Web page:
Edye Smith Stowe was in the kitchen with her husband and her parents when the call came from the doctor's office.
She was pregnant.
In seconds, the entire family was weeping, and a new chapter had begun in one of the most poignant stories to come out of the Oklahoma City bombing.
Stowe was just 23 when the destruction of the Alfred P. Murrah Federal Building took the lives of her two young sons, Chase, 3, and Colton, 2.
Now she has a new husband, and the baby will be here next winter.
"It's such a blessing," said Stowe, who became a magnet for the media after the bombing for her willingness to discuss the event with a degree of composure that few other relatives of the victims could muster.
She gained further attention when she and her ex-husband agreed to remarry in order to have children again - a relationship that again failed to work out.
`My whole life is ruined'
"I thought I would never have children again. The very night of the bombing, I thought about that. My mom and I laid in the boys' room - they had twin beds - and I thought, `I will never have kids again. My whole life is ruined.'
"I always thought that if something happened to my boys, I couldn't go on living because I loved them so much. But I learned I can."
Stowe and her new husband, Paul Stowe, discovered they were to become parents on May 7 in a phone call from a nurse at Pacific Fertility Centers in Beverly Hills, Calif., where the couple had undergone infertility treatment. Bombing suspect Timothy McVeigh's trial was just getting under way. The moment was bittersweet, recalls Stowe's mother, Kathy Wilburn. Edye, Chase and Colton had lived with Kathy and her husband, Glenn Wilburn.
Back in April 1995
In April 1995, Stowe and her mother were Internal Revenue Service employees in Oklahoma City.
Edye had missed two days of work, Monday and Tuesday, but on Wednesday, April 19, had dropped off Chase and Colton at the Murrah Building day-care center and had gone to her office a few blocks away. She had just turned 23.
"Her co-workers were having a birthday party for her. They were saying, `Edye, come blow out the candles on your cake.' And as she was walking toward the cake, the bomb went off," Kathy Wilburn said.
"Happiness hit along with a wall of sadness because it closed a final chapter on Chase and Colton," Wilburn said of the pregnancy. "It dawned on me that part of our life is over and it is time to start anew. Edye calls it a new branch on a tree." `Part of my recovery'
The pregnancy is "part of my recovery," Stowe said.
Four months after the bombing, Stowe remarried Tony Smith, the boys' father. She had undergone a tubal ligation to prevent further pregnancies after Colton's birth, but she and Smith announced their plans to have the procedure reversed in order to start a family anew.
Stowe underwent two surgeries on her Fallopian tubes and hoped fervently that she would become pregnant. The surgery has about a 50 percent chance of success if all goes well, said Dr. Geoffrey Sher, who directed Stowe's recent treatment at Pacific Fertility Centers.
Still no baby
But a year later, she still had no baby and her marriage was floundering. Stowe and Smith decided to divorce a second time last fall.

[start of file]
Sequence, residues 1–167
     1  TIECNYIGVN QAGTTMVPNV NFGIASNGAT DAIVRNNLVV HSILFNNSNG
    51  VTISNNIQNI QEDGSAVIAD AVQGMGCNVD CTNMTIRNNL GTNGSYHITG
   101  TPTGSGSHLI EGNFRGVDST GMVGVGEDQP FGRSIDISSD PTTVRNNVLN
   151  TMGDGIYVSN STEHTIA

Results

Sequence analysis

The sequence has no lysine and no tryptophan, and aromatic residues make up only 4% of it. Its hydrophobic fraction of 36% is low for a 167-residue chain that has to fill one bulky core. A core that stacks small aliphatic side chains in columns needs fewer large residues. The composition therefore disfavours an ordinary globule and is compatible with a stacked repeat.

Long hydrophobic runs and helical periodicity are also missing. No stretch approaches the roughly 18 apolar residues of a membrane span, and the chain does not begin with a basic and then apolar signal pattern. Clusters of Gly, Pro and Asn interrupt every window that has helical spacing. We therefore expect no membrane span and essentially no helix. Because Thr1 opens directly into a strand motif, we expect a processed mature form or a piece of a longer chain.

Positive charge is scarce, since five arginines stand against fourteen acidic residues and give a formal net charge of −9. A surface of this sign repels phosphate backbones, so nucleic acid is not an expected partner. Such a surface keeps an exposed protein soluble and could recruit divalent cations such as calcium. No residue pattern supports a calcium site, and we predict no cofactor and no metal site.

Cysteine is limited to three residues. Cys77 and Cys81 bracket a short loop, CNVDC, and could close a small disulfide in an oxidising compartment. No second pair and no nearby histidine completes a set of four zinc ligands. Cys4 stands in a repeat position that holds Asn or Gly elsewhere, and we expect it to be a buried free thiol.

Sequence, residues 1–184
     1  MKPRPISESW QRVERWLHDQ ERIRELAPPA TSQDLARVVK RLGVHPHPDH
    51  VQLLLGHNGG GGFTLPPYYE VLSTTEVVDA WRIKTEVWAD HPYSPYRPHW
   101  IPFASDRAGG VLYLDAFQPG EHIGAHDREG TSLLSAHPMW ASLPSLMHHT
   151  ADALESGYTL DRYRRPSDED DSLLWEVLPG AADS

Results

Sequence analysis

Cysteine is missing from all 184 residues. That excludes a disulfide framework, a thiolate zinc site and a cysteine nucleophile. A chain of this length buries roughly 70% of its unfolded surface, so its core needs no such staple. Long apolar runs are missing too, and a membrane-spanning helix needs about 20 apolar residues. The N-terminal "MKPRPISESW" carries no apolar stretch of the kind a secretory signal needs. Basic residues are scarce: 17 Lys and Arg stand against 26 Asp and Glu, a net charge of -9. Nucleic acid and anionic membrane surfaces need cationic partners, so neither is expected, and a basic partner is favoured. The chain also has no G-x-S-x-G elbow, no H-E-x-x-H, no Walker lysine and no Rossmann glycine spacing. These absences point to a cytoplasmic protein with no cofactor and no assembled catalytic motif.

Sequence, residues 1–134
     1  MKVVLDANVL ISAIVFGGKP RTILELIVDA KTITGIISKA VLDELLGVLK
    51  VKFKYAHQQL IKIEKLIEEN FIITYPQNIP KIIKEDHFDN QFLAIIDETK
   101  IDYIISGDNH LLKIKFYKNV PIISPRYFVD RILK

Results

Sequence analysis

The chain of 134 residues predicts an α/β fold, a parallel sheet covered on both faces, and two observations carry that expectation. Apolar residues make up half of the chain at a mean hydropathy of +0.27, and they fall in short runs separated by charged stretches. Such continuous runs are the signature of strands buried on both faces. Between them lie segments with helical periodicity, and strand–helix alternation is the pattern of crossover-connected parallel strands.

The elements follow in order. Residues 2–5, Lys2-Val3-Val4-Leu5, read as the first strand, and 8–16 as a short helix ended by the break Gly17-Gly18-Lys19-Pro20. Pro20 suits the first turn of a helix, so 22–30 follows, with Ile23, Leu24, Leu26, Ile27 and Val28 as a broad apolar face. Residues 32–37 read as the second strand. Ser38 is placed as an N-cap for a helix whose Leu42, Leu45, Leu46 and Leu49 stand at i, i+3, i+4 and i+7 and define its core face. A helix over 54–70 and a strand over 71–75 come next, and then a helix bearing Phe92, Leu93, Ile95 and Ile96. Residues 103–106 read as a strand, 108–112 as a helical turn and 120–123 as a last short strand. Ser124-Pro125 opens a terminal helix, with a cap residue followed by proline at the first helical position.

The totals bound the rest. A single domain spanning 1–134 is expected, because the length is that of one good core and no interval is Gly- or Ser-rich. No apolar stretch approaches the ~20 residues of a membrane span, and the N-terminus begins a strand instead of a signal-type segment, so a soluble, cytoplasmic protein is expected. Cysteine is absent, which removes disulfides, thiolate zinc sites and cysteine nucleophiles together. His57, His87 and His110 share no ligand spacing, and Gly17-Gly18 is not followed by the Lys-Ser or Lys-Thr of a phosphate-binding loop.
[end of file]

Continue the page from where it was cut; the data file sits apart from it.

"The only reason we got married was to try to have children again," Stowe said. "We thought that was a good enough reason to get married. But it wasn't. It should have been out of love for each other."
Shortly after the marriage broke up, she met Paul Stowe, who works at the ABC-TV affiliate in Oklahoma City. They had met at the Oklahoma State Fair. He knew who she was. They were married on May 9 in the Wilburns' flower-filled back yard.
Stowe had made her desire for a family clear to Paul from the start, she said.
`We had fallen in love'
"We started talking about undergoing in-vitro fertilization several months ago. We had fallen in love, and we decided we wanted to do this. Paul knew this was an important part of my healing process. He was willing to do whatever would make me happy. And we both wanted a family so much," Stowe said.
She was offered free infertility treatment by the Pacific Fertility Centers after a former patient and member of the clinic's pro-bono committee saw her on a talk show discussing her tubal ligation and her wish to become pregnant again. For every 10 paying clients, the clinic offers one pro-bono IVF cycle to a woman who cannot afford treatment.
On April 20, Edye and Paul flew to Los Angeles and spent nine days seeing the sights and undergoing medical tests and, eventually, in-vitro fertilization.
"I knew we had a very, very good chance of getting her pregnant, but I cautioned her that she shouldn't expect it to happen on one try," Sher said.
But both Paul and Edye were confident when Sher ushered them into a room to transfer three embryos to Edye's uterus.
`There is a spark'
"It was one of the most moving experiences I can recall," Sher said. "She had given me a pin with a picture on it of the two little boys she had lost. I was already so nervous and emotional. I said to her, `Edye, we can only create the circumstances here. There is a spark that has to come from somewhere else to create the outcome. We have to remember that is where prayer comes in.'
"She turned to me and said, `I'm going to get pregnant, and I'm going to have twins.
"I said, `How do you know that?' And she said, `I have two little boys up there rooting for me.' "
A preliminary ultrasound test performed in Oklahoma City shows she is probably pregnant with one baby.